Thus, the claims should be looked to in order to judge the full scope of the invention.
Additional investigations later were directed to the culture of ES cells lines in higher concentrations of FGF but in the absence of both serum and feeder cells. Three different medium formulations have been used in this work, and those medium formulations are referred to here as UM100, BM+ and DHEM. The nomenclature UM100 refers to unconditioned medium to which has been added 100 ng/ml of bFGF. The UM100 medium does contain the Gibco Knockout Serum Replacer product but does not include or require the use of fibroblast feeder cells of any kind. The BM+ medium is basal medium (DMEM/F12) plus additives, described below, that also permits the culture of cells without feeder cells, but this medium omits the serum replacer product. Lastly, the name DHEM refers to a defined human embryonic stem cell medium. This medium, also described below, is sufficient for the culture, cloning and indefinite proliferation of human ES cells while being composed entirely of inorganic constituents and only human proteins, as opposed to the BM+ medium which contains bovine albumin.
Culture of human ES cells lines H1 and H9 in UM100/BM+/DHEM
UM100 media was prepared as follows: unconditioned media (UM) consisted of 80% (v/v) DMEM/F12 (Gibco/Invitrogen) and 20% (v/v) Knockout-Serum Replacer (Gibco/Invitrogen) supplemented with 1 mM glutamine (Gibco/Invitrogen), 0.1 mM β-mercaptoethanol (Sigma—St. Louis, Mo.), and 1% nonessential amino acid stock (Gibco/Invitrogen). To complete the media 100 ng/ml bFGF was added and the medium was filtered through a 0.22 uM nylon filter (Nalgene).
BM+ medium was prepared as follows: 16.5 mg/ml BSA (Sigma), 196 μg/ml Insulin (Sigma), 108 μg/ml Transferrin (Sigma), 100 ng/ml bFGF, 1 mM glutamine (Gibco/Invitrogen), 0.1 mM β-mercaptoethanol (Sigma), and 1% nonessential amino acid stock (Gibco/Invitrogen) were combined in DMEM/F12 (Gibco/Invitrogen) and the osmolality was adjusted to 340 mOsm with SM NaCl. The medium was then filtered through a 0.22 uM nylon filter (Nalgene).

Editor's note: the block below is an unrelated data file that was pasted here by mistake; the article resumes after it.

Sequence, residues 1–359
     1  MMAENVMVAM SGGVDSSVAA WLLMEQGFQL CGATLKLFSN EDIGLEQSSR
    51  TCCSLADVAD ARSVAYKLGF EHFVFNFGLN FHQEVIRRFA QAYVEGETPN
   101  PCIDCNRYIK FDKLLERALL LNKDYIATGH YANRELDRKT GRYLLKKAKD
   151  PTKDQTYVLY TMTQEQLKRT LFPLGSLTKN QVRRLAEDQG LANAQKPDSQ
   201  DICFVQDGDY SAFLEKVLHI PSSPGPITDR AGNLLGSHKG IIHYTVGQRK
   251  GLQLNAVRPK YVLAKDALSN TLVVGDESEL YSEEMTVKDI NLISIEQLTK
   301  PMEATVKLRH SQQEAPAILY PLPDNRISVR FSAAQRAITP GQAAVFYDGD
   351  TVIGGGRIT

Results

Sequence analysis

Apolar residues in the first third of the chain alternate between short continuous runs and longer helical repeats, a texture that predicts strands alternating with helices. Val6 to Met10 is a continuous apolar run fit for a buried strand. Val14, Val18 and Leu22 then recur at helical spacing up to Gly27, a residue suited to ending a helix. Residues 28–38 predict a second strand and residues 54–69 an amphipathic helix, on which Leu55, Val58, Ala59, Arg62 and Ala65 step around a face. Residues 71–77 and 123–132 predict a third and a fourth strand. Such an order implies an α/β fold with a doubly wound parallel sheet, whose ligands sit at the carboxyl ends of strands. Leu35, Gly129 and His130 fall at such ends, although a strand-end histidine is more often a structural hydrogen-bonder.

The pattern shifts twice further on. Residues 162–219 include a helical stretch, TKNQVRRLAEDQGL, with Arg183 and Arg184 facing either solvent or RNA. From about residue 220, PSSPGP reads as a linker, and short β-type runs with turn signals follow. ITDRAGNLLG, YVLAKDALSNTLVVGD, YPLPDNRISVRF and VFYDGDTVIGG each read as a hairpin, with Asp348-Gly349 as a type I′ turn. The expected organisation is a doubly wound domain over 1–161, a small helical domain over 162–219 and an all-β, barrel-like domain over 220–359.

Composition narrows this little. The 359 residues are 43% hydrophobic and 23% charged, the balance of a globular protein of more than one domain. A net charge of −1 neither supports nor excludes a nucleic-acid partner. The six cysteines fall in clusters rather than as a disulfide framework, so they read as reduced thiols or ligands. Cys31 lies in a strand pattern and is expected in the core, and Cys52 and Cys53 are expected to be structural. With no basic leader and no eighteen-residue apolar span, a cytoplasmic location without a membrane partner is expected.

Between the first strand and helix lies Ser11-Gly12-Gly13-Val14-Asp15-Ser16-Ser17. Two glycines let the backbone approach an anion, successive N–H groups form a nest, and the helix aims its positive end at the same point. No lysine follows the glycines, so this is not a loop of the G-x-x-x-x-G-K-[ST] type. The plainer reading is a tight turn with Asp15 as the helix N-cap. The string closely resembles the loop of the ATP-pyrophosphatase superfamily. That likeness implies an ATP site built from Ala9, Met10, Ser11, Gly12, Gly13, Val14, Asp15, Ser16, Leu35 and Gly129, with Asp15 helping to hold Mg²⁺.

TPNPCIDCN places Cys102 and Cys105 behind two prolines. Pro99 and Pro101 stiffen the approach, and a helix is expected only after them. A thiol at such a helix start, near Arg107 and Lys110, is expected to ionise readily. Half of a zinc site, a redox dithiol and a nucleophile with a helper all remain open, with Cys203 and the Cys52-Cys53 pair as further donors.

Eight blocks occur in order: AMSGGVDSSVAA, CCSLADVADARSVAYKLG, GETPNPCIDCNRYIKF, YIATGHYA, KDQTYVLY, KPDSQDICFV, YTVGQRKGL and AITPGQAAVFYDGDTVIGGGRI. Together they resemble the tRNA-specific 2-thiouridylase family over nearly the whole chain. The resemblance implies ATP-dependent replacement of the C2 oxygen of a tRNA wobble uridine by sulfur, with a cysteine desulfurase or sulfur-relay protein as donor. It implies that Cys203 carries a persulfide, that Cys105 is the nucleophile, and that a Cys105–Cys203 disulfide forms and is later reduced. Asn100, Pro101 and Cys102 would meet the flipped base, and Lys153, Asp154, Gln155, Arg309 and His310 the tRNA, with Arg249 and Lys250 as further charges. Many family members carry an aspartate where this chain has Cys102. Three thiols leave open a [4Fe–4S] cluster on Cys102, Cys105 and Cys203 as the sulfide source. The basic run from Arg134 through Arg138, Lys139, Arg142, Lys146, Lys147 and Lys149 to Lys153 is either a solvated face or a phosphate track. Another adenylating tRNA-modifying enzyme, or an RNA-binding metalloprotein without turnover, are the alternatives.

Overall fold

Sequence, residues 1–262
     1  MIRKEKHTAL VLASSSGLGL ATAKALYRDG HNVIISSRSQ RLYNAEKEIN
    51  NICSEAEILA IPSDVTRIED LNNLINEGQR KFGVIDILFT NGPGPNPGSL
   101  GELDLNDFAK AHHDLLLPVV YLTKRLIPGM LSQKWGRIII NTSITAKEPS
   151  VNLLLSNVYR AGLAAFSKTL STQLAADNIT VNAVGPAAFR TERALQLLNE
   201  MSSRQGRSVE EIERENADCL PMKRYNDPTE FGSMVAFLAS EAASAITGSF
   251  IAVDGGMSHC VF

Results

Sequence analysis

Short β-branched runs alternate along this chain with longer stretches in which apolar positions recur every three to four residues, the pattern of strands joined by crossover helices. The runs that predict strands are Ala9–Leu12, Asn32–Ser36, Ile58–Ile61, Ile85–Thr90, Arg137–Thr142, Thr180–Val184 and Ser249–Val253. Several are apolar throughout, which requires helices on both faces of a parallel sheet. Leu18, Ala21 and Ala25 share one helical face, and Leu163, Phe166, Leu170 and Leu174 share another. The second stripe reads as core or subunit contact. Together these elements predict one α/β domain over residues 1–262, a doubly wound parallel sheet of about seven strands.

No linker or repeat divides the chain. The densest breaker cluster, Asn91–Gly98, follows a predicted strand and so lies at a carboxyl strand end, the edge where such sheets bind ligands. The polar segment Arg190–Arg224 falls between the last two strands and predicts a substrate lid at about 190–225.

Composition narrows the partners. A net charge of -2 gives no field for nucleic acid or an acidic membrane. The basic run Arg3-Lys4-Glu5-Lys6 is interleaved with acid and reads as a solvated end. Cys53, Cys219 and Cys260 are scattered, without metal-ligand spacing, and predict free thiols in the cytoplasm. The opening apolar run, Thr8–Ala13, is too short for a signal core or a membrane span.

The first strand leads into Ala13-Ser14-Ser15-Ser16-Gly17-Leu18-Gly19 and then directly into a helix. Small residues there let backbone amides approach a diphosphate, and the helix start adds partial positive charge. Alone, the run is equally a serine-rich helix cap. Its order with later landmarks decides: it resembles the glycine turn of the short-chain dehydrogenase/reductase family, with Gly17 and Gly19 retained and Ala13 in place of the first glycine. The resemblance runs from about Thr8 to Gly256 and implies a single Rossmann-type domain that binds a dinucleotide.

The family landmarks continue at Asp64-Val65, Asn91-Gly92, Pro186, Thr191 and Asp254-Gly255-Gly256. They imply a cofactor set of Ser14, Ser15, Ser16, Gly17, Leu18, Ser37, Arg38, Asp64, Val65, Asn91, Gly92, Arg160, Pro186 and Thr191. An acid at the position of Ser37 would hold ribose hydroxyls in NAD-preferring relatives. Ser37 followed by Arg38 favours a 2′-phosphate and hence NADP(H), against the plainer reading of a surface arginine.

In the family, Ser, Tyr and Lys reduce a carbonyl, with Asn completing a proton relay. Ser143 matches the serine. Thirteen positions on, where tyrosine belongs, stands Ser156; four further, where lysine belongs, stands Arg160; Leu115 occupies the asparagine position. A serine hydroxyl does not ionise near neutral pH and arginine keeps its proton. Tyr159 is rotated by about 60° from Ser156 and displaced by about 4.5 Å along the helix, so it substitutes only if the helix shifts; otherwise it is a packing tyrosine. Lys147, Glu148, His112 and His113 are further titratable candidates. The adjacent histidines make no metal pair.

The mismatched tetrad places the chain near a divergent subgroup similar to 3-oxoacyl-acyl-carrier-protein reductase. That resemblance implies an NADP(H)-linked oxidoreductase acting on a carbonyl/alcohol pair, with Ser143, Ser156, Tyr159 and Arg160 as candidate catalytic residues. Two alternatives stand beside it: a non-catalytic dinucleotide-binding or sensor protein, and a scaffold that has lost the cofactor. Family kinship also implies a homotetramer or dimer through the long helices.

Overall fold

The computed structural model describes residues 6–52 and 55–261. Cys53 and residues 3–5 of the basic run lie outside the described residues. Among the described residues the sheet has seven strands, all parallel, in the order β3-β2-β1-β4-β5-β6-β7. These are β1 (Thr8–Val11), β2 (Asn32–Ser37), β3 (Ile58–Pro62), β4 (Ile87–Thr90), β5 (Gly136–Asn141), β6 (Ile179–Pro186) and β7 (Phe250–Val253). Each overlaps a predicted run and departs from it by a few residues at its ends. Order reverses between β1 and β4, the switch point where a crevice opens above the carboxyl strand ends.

DHEM media was prepared as follows: 16.5 mg/ml HSA (Sigma), 196 μg/ml Insulin (Sigma), 108 μg/ml Transferrin (Sigma), 100 ng/ml bFGF, 1 mM glutamine (Gibco/Invitrogen), 0.1 mM β-mercaptoethanol (Sigma), 1% nonessential amino acid stock (Gibco/Invitrogen), vitamin supplements (Sigma), trace minerals (Cell-gro®), and 0.014 mg/L to 0.07 mg/L selenium (Sigma), were combined in DMEM/F12 (Gibco/Invitrogen) and the osmolarity was adjusted to 340 mOsm with SM NaCl. It is noted that the vitamin supplements in the media may include thiamine (6.6 g/L), reduced glutathione (2 mg/L) and ascorbic acid PO4. Also, the trace minerals used in the media are a combination of Trace Elements B (Cell-gro®, Cat #: MT 99-175-Cl and C (Cell-gro®, Cat #: MT 99-176-Cl); each of which is sold as a 1,000×solution. It is well known in the art that Trace Elements B and C contain the same composition as Cleveland's Trace Element I and II, respectively. (See Cleveland, W. L., Wood, I. Erlanger, B. F., J Imm. Methods 56: 221-234, 1983.) The medium was then filtered through a 0.22 uM nylon filter (Nalgene). Finally, sterile, defined lipids (Gibco/Invitrogen) were added to complete the medium.
H1 or H9 human embryonic stem cells previously growing on MEF (mouse embryonic fibroblast) feeder cells were mechanically passaged with dispase (1 mg/ml) and plated onto Matrigel (Becton Dickinson, Bedford, Mass.). Appropriate medium was changed daily until cell density was determined to be adequate for cell passage. Cells were then passaged with dispase as described and maintained on Matrigel (Becton Dickinson).